Current Members

Camila Martins: Visiting faculty member / Post-doctoral fellow (CNPq) 

 Ph.D. Federal University of Rio Grande – FURG (Brazil) 

 M.Sc. Federal University of Rio Grande – FURG (Brazil) 

I am an Associate Professor at Federal University of Rio Grande – FURG

(Brazil) and a current member of SETAC-Brazil and SETAC-Latin America

boards. My main research field is aquatic toxicology. In this context, I

have been studying effects of a variety of compounds, including

metals, pesticides, biofoulings, and contaminants of emerging concern on

different bioindicators such as microalgae, micro and macro

invertebrates, and fish. Recently, my research has expanded into

understanding the associated effects of climate changes and metal

contamination on freshwater and marine calcifying organisms, by

analyzing ion flux and biomarkers involved in the biomineralization.

This project has been developing at the University of British Columbia (UBC,

Vancouver/BC), supported by a National Council for Scientific and

Technological Development (CNPq, Brazil) award.

Carolyn Morris: Ph. D student

M.Sc. McMaster University (Hamilton, ON)

Art.Dip. George Brown College (Toronto, ON)

B.Sc. Memorial University of Newfoundland (St. John’s, NL)

My previous researchwas on major ion toxicity in adultDaphnia magna and ion transport through the specialized nuchal organ in juveniles. My Ph.D. research is focused on the effects of dissolved organic carbon on ionoregulation and gill morphology with particular interest inAmazonian fishes native to dissolved organic carbon rich, ion-poor, acidic waters. 

Junho Eom: Post Doctoral Fellow

Ph.D. University of British Columbia (Canada)

M.Sc. University of British Columbia (Canada)

                                        B.Sc. Kangwon National University (South Korea)

I started my undergrad education with bioprocess engineering in South Korea. After graduation, I broadened my interests from engineering to animal sciences including parasitology, herpetology and ichthyology.  During my M.Sc. at UBC, I focused on pheromones, chemosensory systems, animal behavior and respiratory physiology in various species of fish and crustaceans. My doctoral research was conducted under the supervision of Chris Wood at UBC and focused on ammonia as a respiratory gas in fish, with particular emphasis on its role in ventilatory control, both centrally and peripherally, and the mechanisms involved, using the rainbow trout and Pacific hagfish asmodel systems.  I am now a postdoctoral fellow in the Wood lab, engaged in several projects. Two of these directly follow up my doctoral work, looking at the role(s) of ammonia and the other respiratory gases in the bloodstream in controlling the changes in ventilation that occur after feeding, and after exhaustive exercise. A third project looks at how the processes of feeding and breathing are integrated in the Pacific hagfish. I am also interested in modeling the pressure-flow relationships during breathing in fish, and in using continuous ventilatory recording in fish as a sensitive detector system for aquatic pollutants.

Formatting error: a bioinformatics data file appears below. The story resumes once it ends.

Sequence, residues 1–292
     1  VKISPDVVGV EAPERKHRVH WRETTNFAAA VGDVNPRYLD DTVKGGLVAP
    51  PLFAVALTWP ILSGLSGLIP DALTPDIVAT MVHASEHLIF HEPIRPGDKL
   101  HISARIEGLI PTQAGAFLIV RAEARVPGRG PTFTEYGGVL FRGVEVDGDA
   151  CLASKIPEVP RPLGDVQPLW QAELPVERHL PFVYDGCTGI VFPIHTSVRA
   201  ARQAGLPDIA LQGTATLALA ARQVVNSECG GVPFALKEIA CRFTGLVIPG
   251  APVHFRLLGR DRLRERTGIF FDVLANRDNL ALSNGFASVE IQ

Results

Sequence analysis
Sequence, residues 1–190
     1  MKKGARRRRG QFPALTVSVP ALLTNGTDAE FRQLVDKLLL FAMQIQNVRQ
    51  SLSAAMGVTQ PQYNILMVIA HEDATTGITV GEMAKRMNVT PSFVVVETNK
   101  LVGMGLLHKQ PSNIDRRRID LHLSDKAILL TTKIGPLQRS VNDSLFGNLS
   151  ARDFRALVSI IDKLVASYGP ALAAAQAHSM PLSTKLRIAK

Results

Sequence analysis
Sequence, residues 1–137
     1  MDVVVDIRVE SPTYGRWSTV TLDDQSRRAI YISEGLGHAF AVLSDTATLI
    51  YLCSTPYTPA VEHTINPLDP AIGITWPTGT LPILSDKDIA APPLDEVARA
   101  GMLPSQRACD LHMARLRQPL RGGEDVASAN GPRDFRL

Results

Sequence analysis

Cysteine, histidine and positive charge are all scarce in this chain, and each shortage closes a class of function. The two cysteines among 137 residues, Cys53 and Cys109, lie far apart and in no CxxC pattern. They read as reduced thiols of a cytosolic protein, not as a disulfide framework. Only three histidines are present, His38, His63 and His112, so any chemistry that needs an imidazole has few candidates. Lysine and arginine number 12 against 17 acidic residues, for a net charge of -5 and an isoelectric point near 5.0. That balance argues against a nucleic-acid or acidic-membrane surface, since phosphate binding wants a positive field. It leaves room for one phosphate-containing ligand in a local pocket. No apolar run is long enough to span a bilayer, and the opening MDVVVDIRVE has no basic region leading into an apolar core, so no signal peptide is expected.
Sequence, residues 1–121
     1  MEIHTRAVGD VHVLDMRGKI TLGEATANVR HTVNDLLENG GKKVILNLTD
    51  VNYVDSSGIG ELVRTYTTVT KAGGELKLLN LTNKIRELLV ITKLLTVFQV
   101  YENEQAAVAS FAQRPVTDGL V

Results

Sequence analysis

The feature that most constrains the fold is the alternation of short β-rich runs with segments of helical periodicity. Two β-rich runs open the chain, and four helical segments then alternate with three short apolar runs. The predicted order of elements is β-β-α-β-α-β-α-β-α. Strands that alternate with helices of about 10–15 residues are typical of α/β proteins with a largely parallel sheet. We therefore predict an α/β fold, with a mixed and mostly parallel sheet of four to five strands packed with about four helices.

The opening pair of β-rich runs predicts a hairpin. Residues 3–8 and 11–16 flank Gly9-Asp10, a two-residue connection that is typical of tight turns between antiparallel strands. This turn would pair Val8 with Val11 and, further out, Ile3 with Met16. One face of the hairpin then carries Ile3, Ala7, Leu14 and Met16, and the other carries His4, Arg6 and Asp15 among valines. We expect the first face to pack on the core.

Ellen Hyewon Jung: PhD Student

M.Sc. University of British Columbia (Vancouver, Canada)

B.Sc. University of British Columbia (Vancouver, Canada)

My research background includes thermal limitation, particularly with respect to climate change, and its effect on various steps of the aerobic metabolism in fishes. My PhD research focuses on the interactions of NH3, CO2 and O2 in the gastrointestinal tract of fishes, a subject with large potential implications for aquaculture, particularly with respect to the formulation of new diets and optimization of feeding regimes.

Beverly Po: Postdoctoral fellow

Ph.D. University of Hong Kong (Hong Kong, China)

M.Sc. Swansea University (Wales, UK)

As an environmental toxicologist, my research interests are on aquatic pollution and anthropogenic impacts on wildlife. In my PhD project, I studied the biotransformation and transgenerational effects of a persistent flame retardant on marine microalgae and invertebrates. In addition to that, other stressors, including hypoxia and ocean acidification, were also found to affect the bacterial community of biofilms and the settlement of gastropod larvae. I also have experience on the biodiversity assessments of forest, subtidal and intertidal habitats. Marine microplastics have become part of my research as I tried to identify the fragments from biological degradation.

My postdoctoral research is trying to determine the toxicity of major ions to freshwater species by measuring trans-epithelial potential. Based on the differential alteration of the electrical gradient across biological membranes (e.g. gills for fish), we aim to predict the mortality of animals under exposure to different ions and their mixtures.